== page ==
Search

Abigail Dean Bacon Talbot: A South Dedham Colonist

Abigail Dean Bacon Talbot (1719-1786)

Captain William Bacon (1716-1761)

George Talbot (1714-1772)

Daniel Bacon (1748-1750)

Hannah Bacon (1750-1777)


Abigail Dean was born on April 30, 1719 to John Dean, III and Hannah Savil Dean.

On November 17, 1737, she married William Bacon. The couple had 11 children: Abigail, William Jr., John, Sarah, Daniel, Hannah, Anna, Mercy, Lydia, Abner, and Judith.


William Bacon was one of the founders of the Second Parish of Dedham (now the First Congregational Church) and was on the building committee of the first meeting house. A soldier in the Colonial Wars, Bacon rose to the rank of Captain and led troops in the Crown Point Expedition in 1755 and 1756 as part of Col. Richard Gridley’s regiment. He participated in the Lake George Campaign in 1756. On May 21, 1761, Bacon died from the lingering effects of the Lake George campaign.


William Bacon's stone carved by George Allen Jr. of Rehoboth, MA.


Norwood newspaperman Win Everett declared this face carving “the finest and most human in the yard.”

On September 30, 1763, Abigail Dean Bacon married George Talbot. Talbot had been widowed twice before and had four children from a previous marriage. Abigail and George had one child, George Talbot, born in 1765. Abigail’s second husband, George Talbot, died on May 24, 1772. Abigail Dean Bacon Talbot died on October 5, 1786.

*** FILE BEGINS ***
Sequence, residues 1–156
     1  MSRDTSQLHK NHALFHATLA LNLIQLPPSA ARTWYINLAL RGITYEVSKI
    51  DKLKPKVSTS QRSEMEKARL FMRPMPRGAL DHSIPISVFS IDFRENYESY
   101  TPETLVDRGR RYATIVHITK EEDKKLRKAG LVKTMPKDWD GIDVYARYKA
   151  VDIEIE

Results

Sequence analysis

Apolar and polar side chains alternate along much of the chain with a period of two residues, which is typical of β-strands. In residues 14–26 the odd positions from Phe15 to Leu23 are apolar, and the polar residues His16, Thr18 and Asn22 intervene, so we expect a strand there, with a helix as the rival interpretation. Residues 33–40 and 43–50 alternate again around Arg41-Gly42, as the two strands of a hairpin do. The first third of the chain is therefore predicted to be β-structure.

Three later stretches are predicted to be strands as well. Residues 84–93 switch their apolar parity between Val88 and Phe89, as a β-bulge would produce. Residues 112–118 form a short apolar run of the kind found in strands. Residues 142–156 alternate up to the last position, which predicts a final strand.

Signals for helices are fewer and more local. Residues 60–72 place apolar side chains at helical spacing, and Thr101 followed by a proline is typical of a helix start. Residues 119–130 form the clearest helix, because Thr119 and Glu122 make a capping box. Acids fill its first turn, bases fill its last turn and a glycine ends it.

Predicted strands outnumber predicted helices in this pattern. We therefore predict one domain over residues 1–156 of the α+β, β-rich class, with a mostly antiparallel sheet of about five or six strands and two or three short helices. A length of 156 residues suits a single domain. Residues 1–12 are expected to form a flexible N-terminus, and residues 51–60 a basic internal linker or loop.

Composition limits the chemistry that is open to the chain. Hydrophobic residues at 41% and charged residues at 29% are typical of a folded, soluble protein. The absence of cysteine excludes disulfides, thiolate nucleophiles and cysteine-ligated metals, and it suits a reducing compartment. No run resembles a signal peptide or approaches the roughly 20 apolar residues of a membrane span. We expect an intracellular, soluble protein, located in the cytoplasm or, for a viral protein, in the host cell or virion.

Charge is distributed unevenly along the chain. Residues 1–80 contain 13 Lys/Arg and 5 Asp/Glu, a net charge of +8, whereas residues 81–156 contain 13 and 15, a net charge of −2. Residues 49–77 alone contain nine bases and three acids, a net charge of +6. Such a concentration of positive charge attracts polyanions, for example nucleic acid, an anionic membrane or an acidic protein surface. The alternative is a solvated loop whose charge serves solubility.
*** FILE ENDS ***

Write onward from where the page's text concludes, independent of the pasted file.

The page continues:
Abigail Dean Bacon Talbot's stone with the misspelled surname.



The tympanum of Abigail Talbot's gravestone

Abigail, her two husbands, and two of her children with William Bacon, are buried side-by-side in Old Parish Cemetery. Daniel Bacon, who died on October 19, 1750, was only two years old at the time of his death; Hannah was 27 when she died on October 15, 1777.


Daniel Bacon's stone was recovered, repaired and reset by OPPV in 2019.



Hannah Bacon's stone by carver Daniel Farrington of Wrentham, MA.

There are several interesting aspects to the gravestones of this extended family and noted gravestone expert, Vincent Luti, has identified some of the carvers of these stones:

Captain William Bacon’s gravestone was carved by George Allen, Jr. of Rehoboth, a man of exceptional carving skills. In fact, in the 1930s, newspaperman Win Everett declared its face “the finest and most human in the yard.”


Abigail’s stone and her daughter Hannah’s were carved by Daniel Farrington of Wrentham. Unfortunately, Farrington misspelled Abigail’s name. Her stone reads “In Memory of Mrs. \ Abigail Tolbard \ (wd. of Mr. George Tolbard & formerly \ ye wife of Cap't William Bacon) \ who Died Oct, ye 5th \ 1786 \ in ye 67th year \ of her \ Age.” Her footstone was recovered and reset by OPPV in 2019. Son Daniel’s stone was found at Highland Cemetery broken in two. It was repaired and reset by volunteers.


George Talbot’s stone has been identified as being carved by Henry Christian Geyer, a well-known Boston stonecutter.



ca. 1770 ad for stonecutter Henry Christian Geyer

110 views0 comments

Recent Posts

See All